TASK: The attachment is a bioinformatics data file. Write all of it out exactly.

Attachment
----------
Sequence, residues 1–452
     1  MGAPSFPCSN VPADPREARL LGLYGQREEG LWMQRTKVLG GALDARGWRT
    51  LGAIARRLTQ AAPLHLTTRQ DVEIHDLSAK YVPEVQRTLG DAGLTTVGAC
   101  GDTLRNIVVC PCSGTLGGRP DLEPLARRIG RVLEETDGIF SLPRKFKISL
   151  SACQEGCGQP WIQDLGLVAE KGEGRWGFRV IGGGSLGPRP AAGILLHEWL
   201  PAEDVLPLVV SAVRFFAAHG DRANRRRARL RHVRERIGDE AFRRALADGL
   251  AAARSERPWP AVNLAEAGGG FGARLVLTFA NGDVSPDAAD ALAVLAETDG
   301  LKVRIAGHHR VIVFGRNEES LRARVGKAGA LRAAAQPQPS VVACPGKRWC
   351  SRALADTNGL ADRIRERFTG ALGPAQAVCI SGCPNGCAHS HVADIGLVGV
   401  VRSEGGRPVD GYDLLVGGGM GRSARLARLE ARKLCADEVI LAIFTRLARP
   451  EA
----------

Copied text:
Sequence, residues 1–452
     1  MGAPSFPCSN VPADPREARL LGLYGQREEG LWMQRTKVLG GALDARGWRT
    51  LGAIARRLTQ AAPLHLTTRQ DVEIHDLSAK YVPEVQRTLG DAGLTTVGAC
   101  GDTLRNIVVC PCSGTLGGRP DLEPLARRIG RVLEETDGIF SLPRKFKISL
   151  SACQEGCGQP WIQDLGLVAE KGEGRWGFRV IGGGSLGPRP AAGILLHEWL
   201  PAEDVLPLVV SAVRFFAAHG DRANRRRARL RHVRERIGDE AFRRALADGL
   251  AAARSERPWP AVNLAEAGGG FGARLVLTFA NGDVSPDAAD ALAVLAETDG
   301  LKVRIAGHHR VIVFGRNEES LRARVGKAGA LRAAAQPQPS VVACPGKRWC
   351  SRALADTNGL ADRIRERFTG ALGPAQAVCI SGCPNGCAHS HVADIGLVGV
   401  VRSEGGRPVD GYDLLVGGGM GRSARLARLE ARKLCADEVI LAIFTRLARP
   451  EA